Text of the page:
From the Journals

Review eyes nail unit toxicities secondary to targeted cancer therapy



Paronychia and periungual pyogenic granulomas are the most common nail unit toxicities related to targeted cancer therapies and immunotherapies, while damage to other nail unit anatomic areas can be wide-ranging.

Those are key findings from an evidence-based literature review published on July 21, 2021, in the Journal of the American Academy of Dermatology, as a letter to the editor. “Dermatologic toxicities are often the earliest-presenting and highest-incidence adverse events due to targeted anticancer therapies and immunotherapies,” corresponding author Anisha B. Patel, MD, of the department of dermatology at the University of Texas MD Anderson Cancer Center, Houston, and colleagues wrote. “Nail unit toxicities due to immunotherapy are caused by nonspecific immune activation. Targeted therapies, particularly mitogen-activated protein kinase pathway inhibitors, lead to epidermal thinning of the nail folds and periungual tissue, increasing susceptibility to trauma and penetration by nail plate fragments. Although cutaneous toxicities have been well described, further characterization of nail unit toxicities is needed.”

The researchers searched the PubMed database using the terms nail, nail toxicity, nail dystrophy, paronychia, onycholysis, pyogenic granuloma, onychopathy, targeted therapy, and immunotherapy, and reviewed relevant articles for clinical presentation, diagnosis, incidence, outcomes, and references. They also proposed treatment algorithms for this patient population based on the existing literature and the authors’ collective clinical experience.

Dr. Patel and colleagues found that paronychia and periungual pyogenic granulomas were the most common nail unit toxicities caused by targeted therapy. “Damage to other nail unit anatomic areas includes drug induced or exacerbated lichen planus and psoriasis as well as pigmentary and neoplastic changes,” they wrote. “Onycholysis, onychoschizia, paronychia, psoriasis, lichen planus, and dermatomyositis have been reported with immune checkpoint inhibitors,” with the time of onset during the first week of treatment to several months after treatment has started.

According to National Cancer Institute criteria, nail adverse events associated with medical treatment include nail changes, discoloration, ridging, paronychia, and infection. The severity of nail loss, paronychia, and infection can be graded up to 3 (defined as “severe or medically significant but not life threatening”), while the remainder of nail toxicities may be categorized only as grade 1 (defined as “mild,” with “intervention not indicated”). “High-grade toxicities have been reported, especially with pan-fibroblast growth factor receptor inhibitors,” the authors wrote, referring to a previous study.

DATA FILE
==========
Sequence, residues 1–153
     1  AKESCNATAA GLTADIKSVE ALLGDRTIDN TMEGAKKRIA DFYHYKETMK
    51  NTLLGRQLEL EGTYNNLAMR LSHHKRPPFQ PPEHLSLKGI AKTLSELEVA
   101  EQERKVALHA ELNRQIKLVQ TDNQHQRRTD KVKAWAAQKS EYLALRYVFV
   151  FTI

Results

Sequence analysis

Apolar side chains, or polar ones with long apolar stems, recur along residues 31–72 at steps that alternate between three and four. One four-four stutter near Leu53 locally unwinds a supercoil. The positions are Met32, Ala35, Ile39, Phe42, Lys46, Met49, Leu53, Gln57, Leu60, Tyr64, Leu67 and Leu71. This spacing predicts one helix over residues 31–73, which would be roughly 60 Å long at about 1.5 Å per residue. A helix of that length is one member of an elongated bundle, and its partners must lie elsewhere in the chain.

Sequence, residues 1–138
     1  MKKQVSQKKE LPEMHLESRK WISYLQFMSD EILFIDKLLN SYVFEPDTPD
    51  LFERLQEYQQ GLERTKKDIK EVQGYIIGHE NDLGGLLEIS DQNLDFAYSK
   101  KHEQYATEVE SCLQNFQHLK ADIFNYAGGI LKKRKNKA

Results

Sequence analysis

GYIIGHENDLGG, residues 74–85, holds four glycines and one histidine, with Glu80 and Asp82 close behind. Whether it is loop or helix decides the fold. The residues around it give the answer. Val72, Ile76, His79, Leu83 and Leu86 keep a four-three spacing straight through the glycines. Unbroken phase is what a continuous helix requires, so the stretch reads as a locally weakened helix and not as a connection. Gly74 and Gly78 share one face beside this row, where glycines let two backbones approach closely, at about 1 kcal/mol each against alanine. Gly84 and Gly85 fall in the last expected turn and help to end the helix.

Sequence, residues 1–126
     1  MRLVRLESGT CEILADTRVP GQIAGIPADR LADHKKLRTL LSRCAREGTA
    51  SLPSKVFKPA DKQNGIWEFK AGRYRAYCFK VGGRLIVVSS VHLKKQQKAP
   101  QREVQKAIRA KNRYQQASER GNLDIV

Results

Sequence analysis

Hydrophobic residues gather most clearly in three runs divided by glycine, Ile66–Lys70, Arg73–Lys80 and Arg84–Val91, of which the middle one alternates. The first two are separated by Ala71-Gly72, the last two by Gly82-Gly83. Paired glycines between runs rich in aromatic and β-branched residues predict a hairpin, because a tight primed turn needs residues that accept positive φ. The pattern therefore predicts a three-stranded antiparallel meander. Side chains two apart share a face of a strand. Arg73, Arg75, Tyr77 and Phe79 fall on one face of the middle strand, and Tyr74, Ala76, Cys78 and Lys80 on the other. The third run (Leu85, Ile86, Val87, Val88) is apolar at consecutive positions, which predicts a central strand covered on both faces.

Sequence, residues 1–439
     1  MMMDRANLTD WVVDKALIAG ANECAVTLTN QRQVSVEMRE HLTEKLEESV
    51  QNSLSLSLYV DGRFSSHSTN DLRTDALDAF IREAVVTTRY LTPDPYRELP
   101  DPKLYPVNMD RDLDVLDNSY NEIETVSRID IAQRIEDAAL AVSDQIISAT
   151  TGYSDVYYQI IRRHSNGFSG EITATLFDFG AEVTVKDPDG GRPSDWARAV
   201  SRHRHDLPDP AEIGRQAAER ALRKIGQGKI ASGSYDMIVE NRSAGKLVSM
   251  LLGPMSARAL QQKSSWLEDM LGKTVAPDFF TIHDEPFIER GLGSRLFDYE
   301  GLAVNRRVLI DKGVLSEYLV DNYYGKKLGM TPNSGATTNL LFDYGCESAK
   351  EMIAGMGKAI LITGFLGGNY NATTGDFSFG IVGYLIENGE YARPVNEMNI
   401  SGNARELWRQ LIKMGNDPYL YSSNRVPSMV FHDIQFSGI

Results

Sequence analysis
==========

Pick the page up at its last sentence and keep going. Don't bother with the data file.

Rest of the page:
The review includes treatment algorithms for paronychia, periungual pyogenic granuloma, nail lichen planus, and psoriasis. “Long-acting and nonselective immunosuppressants are reserved for dose-limiting toxicities, given their unknown effects on already-immunosuppressed patients with cancer and on cancer therapy,” the authors wrote. “A discussion with the oncology department is essential before starting an immunomodulator or immunosuppressant.”

To manage onycholysis, Dr. Patel and colleagues recommended trimming the onycholytic nail plate to its attachment point. “Partial avulsion is used to treat a refractory abscess or painful hemorrhage,” they wrote. “A Pseudomonas superinfection is treated twice daily with a topical antibiotic solution. Brittle nail syndrome is managed with emollients or the application of polyureaurethane, a 16% nail solution, or a hydrosoluble nail lacquer,” they wrote, adding that biotin supplementation is not recommended.

Dr. Jonathan Leventhal, dermatologist and director of the Yale Oncodermatology Program in New Haven, Conn. Courtesy Dr. Jonathan Leventhal

Dr. Jonathan Leventhal

Jonathan Leventhal, MD, who was asked to comment on the study, said that nail toxicity from targeted cancer therapy is one of the most common reasons for consultation in his role as director of the Yale University oncodermatology program at Smilow Cancer Hospital, New Haven, Conn. “When severe, these reactions frequently impact patients’ quality of life,” he said.

“This study is helpful for all dermatologists caring for cancer patients,” with strengths that include “succinctly summarizing the most prevalent conditions and providing a clear and practical algorithm for approaching these nail toxicities,” he said. In addition to targeted agents and immunotherapy, “we commonly see nail toxicities from cytotoxic chemotherapy, which was not reviewed in this paper. Multidisciplinary evaluation and dermatologic involvement is certainly beneficial to make accurate diagnoses and promptly manage these conditions, helping patients stay on their oncologic therapies.”

The researchers reported no financial disclosures. Dr. Leventhal disclosed that he is a member of the advisory board for Regeneron, Sanofi, Bristol-Myers Squibb, and La Roche–Posay. He has also received research funding from Azitra and OnQuality.

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